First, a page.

Most people remember Dorothy Parker for “Men seldom make passes at girls who wear glasses.”
One of the lines that I remember her by is “All those writers who write about their childhood…if I wrote about mine you wouldn’t sit in the same room with me.”
It was at my second college when I finally read one or two Dorothy Parker poems in my Women’s Literature class. No idea who she was. I had gone to Catholic school, so I only knew about the rhythm method and how to get drunk in the restroom during lunch.
I didn’t know if I liked Dorothy Parker (I didn’t know what I liked), but I did recognize that the “Men seldom make passes…” poem wasn’t a poem I was used to reading.
Except for one Stephen Crane poem that I wrote a ten-page paper about in high school, I usually didn’t understand poetry. Did that mean I wasn’t a “real” writer? Or literature wasn’t where I was supposed to be? These were my first generation college student questions that I couldn’t ask in 1991. I would go to class to doubt myself and never speak. Then spend all night writing papers that got some minimal praise but also question marks.
To be honest, I only took an interest in Parker’s writing after watching Mrs. Parker and the Vicious Circle. I was infatuated with the glamour and cigarettes and booze and laughter around tables and dining in hotels and suicide attempts and failed marriages and words I didn’t understand. In the hospital after one of the attempted suicides, an unrequited love ties up her bandaged wrists with ribbons. It was one of my first introductions into writers can be/ are often fucked up. I felt more belonging with that film than I had ever felt in my Women’s Literature class.
Maybe there is something too surface-y about Parker’s poems and short stories. Brevity is the soul of advertising copy; a writer has to go further.
Yet, maybe she feared not being witty, not being the ingénue, the macabre darling of the party. Instead of criticizing her for not being Hemingway, the old misogynistic gruff, people should accept her as she is, the poet who is poetess-ing as fast as she can to keep up with the manly shoulders hunched at their typewriters. She is trying to send us a message between what’s said and unsaid. We keep reading her because we are de-coding her messages. Every decade someone tells us she’s not one of the greats. Every decade someone reads her work for the first time.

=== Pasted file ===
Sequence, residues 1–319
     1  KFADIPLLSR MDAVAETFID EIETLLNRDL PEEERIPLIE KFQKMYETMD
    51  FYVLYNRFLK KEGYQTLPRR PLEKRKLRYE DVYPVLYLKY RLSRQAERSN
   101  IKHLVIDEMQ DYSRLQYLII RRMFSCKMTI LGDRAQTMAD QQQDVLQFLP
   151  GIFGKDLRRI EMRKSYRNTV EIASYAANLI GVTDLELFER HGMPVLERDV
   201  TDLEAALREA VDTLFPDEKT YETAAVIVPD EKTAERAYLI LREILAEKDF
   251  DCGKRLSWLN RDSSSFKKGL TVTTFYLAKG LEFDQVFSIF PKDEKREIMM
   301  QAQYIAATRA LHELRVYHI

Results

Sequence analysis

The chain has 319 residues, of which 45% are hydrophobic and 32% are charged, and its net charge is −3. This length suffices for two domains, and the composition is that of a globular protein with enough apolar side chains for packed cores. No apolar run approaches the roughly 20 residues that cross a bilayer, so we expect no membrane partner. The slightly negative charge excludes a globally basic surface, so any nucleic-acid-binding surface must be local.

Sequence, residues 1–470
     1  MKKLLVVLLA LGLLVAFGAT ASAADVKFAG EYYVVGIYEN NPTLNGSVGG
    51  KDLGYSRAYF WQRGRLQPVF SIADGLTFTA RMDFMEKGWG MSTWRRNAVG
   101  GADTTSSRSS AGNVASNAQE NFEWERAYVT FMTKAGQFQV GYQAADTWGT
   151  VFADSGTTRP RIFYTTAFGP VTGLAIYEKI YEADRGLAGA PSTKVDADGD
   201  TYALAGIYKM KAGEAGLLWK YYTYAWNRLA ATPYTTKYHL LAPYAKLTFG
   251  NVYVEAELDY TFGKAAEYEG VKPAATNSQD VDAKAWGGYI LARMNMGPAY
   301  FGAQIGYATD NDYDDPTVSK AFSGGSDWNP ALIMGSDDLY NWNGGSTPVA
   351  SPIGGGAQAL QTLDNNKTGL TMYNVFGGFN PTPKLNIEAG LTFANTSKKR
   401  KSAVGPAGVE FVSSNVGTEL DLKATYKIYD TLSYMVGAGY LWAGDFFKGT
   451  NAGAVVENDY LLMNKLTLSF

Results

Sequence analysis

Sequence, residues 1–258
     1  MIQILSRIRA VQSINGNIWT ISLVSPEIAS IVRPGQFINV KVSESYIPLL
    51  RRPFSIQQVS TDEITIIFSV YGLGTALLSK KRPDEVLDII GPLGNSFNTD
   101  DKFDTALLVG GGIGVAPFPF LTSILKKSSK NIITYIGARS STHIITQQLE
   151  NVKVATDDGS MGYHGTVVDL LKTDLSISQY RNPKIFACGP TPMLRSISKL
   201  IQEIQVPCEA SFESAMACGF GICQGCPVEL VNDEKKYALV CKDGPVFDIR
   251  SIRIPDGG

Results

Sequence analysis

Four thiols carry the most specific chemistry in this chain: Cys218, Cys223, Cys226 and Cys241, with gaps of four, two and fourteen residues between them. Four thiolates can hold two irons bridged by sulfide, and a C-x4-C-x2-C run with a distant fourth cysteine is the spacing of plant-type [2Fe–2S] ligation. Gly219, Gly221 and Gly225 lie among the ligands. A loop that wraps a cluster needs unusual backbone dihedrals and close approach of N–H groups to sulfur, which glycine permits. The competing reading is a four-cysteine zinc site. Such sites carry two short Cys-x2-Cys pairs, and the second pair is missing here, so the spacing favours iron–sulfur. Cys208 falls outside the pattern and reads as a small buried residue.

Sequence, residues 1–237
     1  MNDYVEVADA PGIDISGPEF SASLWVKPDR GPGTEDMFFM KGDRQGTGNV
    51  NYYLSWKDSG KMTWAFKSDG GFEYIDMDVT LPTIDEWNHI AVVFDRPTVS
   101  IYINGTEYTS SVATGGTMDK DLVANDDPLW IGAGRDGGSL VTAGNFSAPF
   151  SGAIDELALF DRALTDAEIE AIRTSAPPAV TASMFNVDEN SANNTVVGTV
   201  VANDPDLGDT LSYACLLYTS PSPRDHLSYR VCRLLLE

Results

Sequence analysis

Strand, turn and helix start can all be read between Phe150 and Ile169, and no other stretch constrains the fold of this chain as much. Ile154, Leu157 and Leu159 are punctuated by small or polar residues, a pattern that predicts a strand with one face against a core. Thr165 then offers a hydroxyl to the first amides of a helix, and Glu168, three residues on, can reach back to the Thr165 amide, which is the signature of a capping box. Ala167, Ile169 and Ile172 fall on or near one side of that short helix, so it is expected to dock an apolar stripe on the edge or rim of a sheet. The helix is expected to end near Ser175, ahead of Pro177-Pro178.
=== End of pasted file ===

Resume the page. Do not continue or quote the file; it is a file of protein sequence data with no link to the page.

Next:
Mrs. Parker, this past August on your birthday, they moved your ashes from Baltimore to Woodlawn Cemetery in the Bronx to be buried next to your parents.
Next to your mother who died when you were young. One of the losses that you likely never recovered from and were afraid to write about. Or at least write about directly.
But your father and your stepmother were emotionally, physically abusive. How do we know this? Biographies, interviews, quotes? That’s what I first read about you, and it has stayed even if one biographer has shifted the narrative to an “affectionate” childhood; even if the language of online sources is “accused her father of” and by some accounts.
No one wants to bring any of this up as they bury you in the plot that your father had purchased. The dutiful father making sure you have a home in your afterlife.
Yet, you died in that residential hotel with only your dog next to you. You left all of your money to Dr. Martin Luther King, Jr. For years, your ashes listened to the conversations of lawyers. Your parents long dead, but no other family claimed you. For years.
No one brings up the deep estrangement in your story.
Or the aloneness that led to the alcoholism (let’s call that what it is) that led to the codependency (let’s also call that what it is) from marriage to marriage or bed to bed you were the whore that could be led to culture and made to think, no shame, sex was part of who you were (all the unknown and unwritten revelations between release and self-awareness and addiction) but we can’t talk about that either.
Mrs. Parker, everyone is pleased that you’re back in New York. They are drinking gin. It’s like honoring Sid Vicious by doing heroin.
Everyone wants The Algonquin. No one wants The Volney.
There are other ways to survive childhood, Mrs. Parker.
Even if The Round Table only wants the high notes.
I hope you’re surrounded with flowers and vines and bramble. You don’t have to speak to anyone that you don’t want to. Not Melville, not your father, not even your mother. You don’t have to be witty or go to any parties, you can be as anti-social as you’d like, you can be sober as uninteresting as that sounds, and it can be difficult, lonely in a way that you haven’t experienced before, but you can also tell the stories of what it was like growing up in a house where you didn’t feel love where love was purchased where love meant you were seen not heard or sent away unseen unheard. They say you’re home, that you wanted to be with your family. But families don’t need to reconcile, Mrs. Parker, and if you don’t want to be there, then you don’t need to be there. Get on the first train into the city. Leave behind the scotch, the inaccessible men, the quips. Take your notebook and pen and everything unspoken. No one else decides where you call home.
Andrea Dulanto is a Latina queer writer. Degrees include an M.F.A. in Creative Writing from Florida International University, and a B.A. in Literature and Women’s Studies from Antioch College in Ohio. She has worked as a writing instructor, a freelance writer, and editor. In 2016, she was awarded an Individual Artist Award from the Maryland State Arts Council. Publications include Gertrude Journal, The Kenyon Review, BlazeVOX, Court Green, and Sinister Wisdom.